Program Impact Estimation with Binary Outcome Variables: Monte Carlo Results for Alternative Estimators and Empirical Examples

Guilkey, David K.; & Lance, Peter M. (2014). Program Impact Estimation with Binary Outcome Variables: Monte Carlo Results for Alternative Estimators and Empirical Examples. In Sickles, Robin C. & Horrace, William C. (Eds.), Festschrift in Honor of Peter Schmidt: Econometric Methods and Applications (pp. 5-46). New York: Springer Science+Business Media.

Guilkey, David K.; & Lance, Peter M. (2014). Program Impact Estimation with Binary Outcome Variables: Monte Carlo Results for Alternative Estimators and Empirical Examples. In Sickles, Robin C. & Horrace, William C. (Eds.), Festschrift in Honor of Peter Schmidt: Econometric Methods and Applications (pp. 5-46). New York: Springer Science+Business Media.

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A frequent challenge in program impact estimation, and causal modeling more generally, is estimation of the effect of a binary endogenous variable on a binary outcome of interest. We report results from Monte Carlo experiments designed to assess the performance of estimators frequently applied in this circumstance. Many rely on an instrumental variables identification strategy and in those instances our central interest is the overidentified case. Even when identification is technically achieved by functional form, it is widely perceived that instruments generate more credible identification. Our focus is on widely used models available in the popular STATA statistical software package, but we also evaluate a semi-parametric instrumental variables random effects model not yet available in STATA. The parameters of interest in these experiments are program impact, test statistics assessing endogeneity and overidentification tests. We consider performance under alternative behavioral circumstances by varying distributional assumptions for unobservables, instrument strength levels, sample sizes, and impact magnitudes. Some models turn in a somewhat disappointing performance. Those that rely on joint normality for identification are not particularly robust to error misspecification, raising questions about whether they should be preferred to the semi-parametric estimator (regardless of comparative ease of estimation) or even to simple single equation models that ignore endogeneity. We provide examples of the methods using data from Bangladesh and Tanzania.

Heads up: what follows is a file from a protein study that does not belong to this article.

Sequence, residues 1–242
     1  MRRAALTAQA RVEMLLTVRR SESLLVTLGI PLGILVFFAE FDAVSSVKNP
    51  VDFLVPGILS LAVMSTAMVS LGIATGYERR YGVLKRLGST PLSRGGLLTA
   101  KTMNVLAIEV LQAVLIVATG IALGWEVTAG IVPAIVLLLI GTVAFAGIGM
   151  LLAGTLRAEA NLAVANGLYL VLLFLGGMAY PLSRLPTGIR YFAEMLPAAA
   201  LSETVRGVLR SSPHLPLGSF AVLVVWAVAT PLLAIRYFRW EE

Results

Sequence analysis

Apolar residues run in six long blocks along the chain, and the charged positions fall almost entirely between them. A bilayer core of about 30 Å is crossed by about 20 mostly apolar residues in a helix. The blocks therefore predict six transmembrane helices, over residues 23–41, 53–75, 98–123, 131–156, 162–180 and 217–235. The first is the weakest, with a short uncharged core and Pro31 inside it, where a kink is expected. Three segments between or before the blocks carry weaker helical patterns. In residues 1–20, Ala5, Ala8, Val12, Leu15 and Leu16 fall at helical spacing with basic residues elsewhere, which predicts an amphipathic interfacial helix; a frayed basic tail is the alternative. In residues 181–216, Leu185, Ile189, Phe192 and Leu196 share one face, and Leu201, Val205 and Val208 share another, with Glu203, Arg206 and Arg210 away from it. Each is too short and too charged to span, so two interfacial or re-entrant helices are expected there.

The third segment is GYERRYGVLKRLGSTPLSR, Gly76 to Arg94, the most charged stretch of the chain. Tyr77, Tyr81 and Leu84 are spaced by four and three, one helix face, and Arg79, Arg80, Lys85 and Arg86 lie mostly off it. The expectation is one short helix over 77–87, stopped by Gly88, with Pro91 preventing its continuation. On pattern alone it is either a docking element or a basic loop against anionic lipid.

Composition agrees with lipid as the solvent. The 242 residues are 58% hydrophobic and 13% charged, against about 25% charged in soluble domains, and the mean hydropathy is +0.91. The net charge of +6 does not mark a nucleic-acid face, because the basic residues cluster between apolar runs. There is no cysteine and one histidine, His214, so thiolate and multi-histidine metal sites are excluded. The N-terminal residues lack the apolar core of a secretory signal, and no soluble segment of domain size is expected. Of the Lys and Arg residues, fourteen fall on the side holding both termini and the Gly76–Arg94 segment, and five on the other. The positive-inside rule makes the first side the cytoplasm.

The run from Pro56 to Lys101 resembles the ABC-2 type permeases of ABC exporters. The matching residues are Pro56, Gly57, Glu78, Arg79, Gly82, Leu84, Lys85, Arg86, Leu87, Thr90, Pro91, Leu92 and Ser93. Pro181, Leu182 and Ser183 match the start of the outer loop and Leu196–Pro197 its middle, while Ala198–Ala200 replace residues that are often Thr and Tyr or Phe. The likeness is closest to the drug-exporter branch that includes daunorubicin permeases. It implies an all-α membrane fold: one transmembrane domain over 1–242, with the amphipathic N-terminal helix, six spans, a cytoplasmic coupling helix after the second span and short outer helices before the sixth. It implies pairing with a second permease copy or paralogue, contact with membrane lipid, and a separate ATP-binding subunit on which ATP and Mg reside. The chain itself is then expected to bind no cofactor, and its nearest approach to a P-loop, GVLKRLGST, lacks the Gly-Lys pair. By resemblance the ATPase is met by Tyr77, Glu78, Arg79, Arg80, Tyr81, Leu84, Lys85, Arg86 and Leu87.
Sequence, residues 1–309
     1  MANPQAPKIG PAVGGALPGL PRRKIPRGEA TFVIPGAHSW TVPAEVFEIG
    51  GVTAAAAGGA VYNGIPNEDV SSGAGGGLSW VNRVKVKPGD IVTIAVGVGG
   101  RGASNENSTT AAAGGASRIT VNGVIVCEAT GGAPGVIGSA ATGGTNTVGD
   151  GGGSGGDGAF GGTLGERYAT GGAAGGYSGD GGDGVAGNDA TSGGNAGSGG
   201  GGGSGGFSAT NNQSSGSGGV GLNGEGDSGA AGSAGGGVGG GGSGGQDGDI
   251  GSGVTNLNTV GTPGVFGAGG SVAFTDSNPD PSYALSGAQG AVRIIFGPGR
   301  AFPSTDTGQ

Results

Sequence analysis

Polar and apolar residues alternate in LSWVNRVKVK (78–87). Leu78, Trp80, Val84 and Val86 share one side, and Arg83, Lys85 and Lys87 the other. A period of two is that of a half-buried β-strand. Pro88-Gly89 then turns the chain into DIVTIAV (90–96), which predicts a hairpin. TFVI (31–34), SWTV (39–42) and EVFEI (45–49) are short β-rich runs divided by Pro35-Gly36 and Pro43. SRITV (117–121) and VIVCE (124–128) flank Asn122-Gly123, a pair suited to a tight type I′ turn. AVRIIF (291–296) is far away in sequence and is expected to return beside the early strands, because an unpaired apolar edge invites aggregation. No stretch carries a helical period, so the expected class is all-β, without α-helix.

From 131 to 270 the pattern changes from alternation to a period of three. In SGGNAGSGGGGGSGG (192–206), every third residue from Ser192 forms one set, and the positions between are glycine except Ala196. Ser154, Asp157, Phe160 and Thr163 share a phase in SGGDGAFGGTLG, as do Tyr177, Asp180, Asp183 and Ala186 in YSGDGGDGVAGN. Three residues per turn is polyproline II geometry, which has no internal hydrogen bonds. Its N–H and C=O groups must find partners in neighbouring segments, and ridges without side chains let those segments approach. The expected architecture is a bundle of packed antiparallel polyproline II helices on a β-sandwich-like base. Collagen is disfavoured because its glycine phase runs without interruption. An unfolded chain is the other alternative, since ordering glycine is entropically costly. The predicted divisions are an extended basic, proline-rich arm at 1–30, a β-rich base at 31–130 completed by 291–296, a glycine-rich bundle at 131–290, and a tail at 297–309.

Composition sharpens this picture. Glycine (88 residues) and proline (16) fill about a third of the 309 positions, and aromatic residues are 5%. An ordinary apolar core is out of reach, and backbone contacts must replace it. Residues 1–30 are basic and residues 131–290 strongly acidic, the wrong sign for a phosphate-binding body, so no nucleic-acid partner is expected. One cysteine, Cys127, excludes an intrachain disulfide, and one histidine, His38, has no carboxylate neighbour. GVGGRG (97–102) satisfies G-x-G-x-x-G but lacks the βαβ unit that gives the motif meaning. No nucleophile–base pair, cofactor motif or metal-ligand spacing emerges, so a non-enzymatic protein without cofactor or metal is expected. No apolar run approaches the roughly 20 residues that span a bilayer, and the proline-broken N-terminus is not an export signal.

CHAP

Festschrift in Honor of Peter Schmidt: Econometric Methods and Applications


Guilkey, David K.
Lance, Peter M.

Sickles, Robin C.
Horrace, William C.


2014





5-46




Springer Science+Business Media

New York





9114

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